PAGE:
By Eli Ungar
Being a time-based artist in today’s world is both exciting and daunting. In this ever-expanding digital world, the possibilities are virtually endless. Nevertheless, we still hear people arguing over the benefits and drawbacks of film and video. There are three main camps of opinion. First are the purists who believe that film is better than video in every way. Next come the digital evangelists, who believe that film is a dead and obsolete technology not to be bothered with anymore. Finally, we have the hybridists who argue that an artist’s choice of medium should be dictated by the content of their project. I will examine all of these positions from the perspective of the art student interested in narrative filmmaking.
The purist argues that there is no video format, including HD, that can match film in terms of image quality. I recently attended a screening at SMS Productions in which we were shown a number of different formats projected side by side. Included in the line-up were some of Panasonic’s brand new HD cameras. These video cameras represent the latest in digital technology and they were remarkable in that they had the ability to capture at higher than standard frame-rates in order to achieve beautiful, filmic, slow-motion effects. Despite their astonishing clarity, when these cameras were set to the task of capturing a marathon on a mountain road, a scene with extreme amounts of contrast difference, these $100,000 cameras were reduced to looking like mere camcorders!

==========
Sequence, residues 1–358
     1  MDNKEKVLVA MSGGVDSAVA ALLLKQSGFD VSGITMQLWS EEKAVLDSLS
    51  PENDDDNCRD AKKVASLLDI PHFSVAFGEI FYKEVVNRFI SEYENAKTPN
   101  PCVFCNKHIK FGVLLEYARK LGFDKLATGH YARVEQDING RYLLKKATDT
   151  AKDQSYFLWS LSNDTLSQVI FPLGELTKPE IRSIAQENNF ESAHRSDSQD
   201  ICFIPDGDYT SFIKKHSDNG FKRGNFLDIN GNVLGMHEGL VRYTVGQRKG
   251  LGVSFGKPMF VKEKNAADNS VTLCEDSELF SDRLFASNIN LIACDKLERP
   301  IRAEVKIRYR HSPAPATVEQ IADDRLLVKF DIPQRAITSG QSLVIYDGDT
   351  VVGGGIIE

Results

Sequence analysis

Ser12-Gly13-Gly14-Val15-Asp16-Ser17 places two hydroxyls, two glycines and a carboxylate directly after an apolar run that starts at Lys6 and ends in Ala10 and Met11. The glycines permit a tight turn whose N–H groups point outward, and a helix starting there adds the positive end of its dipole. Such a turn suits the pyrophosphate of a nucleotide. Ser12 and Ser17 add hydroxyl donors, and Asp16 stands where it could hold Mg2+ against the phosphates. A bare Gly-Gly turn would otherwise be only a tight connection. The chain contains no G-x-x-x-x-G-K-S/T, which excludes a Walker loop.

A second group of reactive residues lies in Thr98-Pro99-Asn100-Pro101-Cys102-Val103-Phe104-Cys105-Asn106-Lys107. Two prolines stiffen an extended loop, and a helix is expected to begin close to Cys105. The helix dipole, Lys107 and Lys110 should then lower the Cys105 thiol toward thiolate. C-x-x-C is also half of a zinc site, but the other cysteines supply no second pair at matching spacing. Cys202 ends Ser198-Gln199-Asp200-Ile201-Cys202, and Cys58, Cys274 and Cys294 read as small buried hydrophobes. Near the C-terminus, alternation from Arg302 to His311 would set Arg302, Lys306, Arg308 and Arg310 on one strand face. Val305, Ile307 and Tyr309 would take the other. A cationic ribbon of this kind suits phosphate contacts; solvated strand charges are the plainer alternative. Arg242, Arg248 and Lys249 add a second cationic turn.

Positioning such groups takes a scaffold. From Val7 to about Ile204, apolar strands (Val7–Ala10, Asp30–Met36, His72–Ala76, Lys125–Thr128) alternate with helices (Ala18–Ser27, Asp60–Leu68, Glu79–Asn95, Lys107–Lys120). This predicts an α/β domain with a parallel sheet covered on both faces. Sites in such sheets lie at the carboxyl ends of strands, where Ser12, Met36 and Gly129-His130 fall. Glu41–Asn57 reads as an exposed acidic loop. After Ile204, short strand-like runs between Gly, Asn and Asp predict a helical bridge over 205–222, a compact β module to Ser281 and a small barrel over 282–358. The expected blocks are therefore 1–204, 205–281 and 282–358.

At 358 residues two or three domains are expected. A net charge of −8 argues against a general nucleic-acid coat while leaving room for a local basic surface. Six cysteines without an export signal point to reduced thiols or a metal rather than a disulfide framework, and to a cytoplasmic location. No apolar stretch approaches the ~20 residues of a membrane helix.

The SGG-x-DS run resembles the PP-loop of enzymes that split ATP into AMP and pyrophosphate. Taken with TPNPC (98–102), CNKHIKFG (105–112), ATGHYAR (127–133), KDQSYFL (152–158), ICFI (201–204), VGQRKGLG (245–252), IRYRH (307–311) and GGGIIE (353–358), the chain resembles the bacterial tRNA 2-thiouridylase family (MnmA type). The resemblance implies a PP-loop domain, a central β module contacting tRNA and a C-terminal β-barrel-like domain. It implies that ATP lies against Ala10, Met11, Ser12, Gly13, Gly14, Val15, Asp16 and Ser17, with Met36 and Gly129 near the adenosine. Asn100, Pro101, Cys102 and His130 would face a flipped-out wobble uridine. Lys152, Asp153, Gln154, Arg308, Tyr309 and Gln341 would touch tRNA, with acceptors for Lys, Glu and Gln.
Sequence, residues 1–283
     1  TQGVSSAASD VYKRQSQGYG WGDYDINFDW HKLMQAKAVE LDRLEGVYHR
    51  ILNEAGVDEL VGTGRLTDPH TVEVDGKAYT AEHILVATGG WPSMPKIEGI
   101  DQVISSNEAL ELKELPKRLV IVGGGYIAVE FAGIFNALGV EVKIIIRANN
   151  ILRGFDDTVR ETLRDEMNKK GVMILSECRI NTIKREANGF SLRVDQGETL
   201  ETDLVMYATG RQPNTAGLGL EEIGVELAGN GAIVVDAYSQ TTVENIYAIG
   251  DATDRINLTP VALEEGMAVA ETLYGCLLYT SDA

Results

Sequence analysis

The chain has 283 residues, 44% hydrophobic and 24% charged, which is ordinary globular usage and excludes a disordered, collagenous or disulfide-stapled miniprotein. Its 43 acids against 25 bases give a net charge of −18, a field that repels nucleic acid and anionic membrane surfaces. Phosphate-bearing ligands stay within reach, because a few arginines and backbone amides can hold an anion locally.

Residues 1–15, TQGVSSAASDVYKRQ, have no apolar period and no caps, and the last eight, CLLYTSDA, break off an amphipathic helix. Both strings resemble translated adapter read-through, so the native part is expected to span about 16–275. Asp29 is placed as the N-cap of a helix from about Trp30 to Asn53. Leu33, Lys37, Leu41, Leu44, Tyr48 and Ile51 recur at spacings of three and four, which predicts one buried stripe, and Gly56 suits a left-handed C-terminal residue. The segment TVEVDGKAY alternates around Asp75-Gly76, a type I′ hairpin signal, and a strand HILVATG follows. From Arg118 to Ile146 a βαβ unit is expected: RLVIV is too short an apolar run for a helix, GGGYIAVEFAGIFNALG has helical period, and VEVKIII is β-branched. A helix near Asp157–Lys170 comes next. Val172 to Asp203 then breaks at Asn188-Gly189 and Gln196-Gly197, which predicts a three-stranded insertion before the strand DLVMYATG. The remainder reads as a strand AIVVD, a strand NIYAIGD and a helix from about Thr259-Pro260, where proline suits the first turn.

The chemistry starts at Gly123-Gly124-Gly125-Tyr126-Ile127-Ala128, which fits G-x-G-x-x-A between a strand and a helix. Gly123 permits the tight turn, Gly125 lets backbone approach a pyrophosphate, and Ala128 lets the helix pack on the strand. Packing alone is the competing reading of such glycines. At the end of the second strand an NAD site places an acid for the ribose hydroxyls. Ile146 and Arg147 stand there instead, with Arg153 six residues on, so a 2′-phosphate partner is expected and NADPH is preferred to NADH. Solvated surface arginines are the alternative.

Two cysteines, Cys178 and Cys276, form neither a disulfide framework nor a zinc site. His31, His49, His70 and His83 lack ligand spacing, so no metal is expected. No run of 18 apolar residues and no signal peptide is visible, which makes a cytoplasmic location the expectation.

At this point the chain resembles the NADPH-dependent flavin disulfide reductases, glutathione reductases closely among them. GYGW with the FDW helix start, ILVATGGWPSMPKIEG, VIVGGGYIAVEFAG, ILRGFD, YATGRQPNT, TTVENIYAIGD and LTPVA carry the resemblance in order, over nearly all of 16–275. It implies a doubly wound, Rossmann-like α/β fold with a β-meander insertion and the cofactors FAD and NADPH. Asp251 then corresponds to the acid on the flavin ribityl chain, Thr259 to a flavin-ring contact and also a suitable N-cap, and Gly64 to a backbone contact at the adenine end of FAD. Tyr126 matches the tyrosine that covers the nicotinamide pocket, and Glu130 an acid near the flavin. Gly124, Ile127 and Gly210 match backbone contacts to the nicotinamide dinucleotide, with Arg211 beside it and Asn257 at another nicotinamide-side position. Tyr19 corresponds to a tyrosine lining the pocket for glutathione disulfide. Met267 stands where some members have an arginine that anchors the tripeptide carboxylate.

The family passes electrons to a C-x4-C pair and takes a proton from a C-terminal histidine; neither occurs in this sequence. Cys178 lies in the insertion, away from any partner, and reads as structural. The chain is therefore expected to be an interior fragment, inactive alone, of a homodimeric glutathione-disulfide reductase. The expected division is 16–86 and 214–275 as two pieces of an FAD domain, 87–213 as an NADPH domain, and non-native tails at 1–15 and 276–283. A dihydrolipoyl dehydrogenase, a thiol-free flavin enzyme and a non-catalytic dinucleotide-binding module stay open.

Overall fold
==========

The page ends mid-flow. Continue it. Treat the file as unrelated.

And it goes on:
One of the great technical differences between film and video is that of contrast ratio. The human eye can see about 800:1, film can capture 256:1 and video can only do about 30:1. The technical disparity goes beyond this simple fact. The method of image capture is fundamentally different in these two media. With film, the image is captured on an array of silver halide crystals that are arranged randomly in every frame. The camera captures and we are subsequently presented 24 of those frames-per-second when we watch the film projected. In video, on the other hand, there is an image sensor (usually some variety of CCD) that captures light on a grid of X and Y coordinates at 29.97 frames per second (PAL runs at 25 f.p.s.). What this means is that film is actually presenting us with more information per second than video, despite its lower frame rate. This is because each frame has a different array of silver halide that is representing the scene in a slightly different way, whereas, with the sensor grid system, the light is hitting the same array every time.
Furthermore, film offers a shallow depth of field that is useful for focusing the audience’s attention. This advantage comes from the relatively large plane of capture that film has over video, though there is nothing, in theory, stopping video camera manufacturers from making their image sensors larger and thus eliminating this inherent weakness.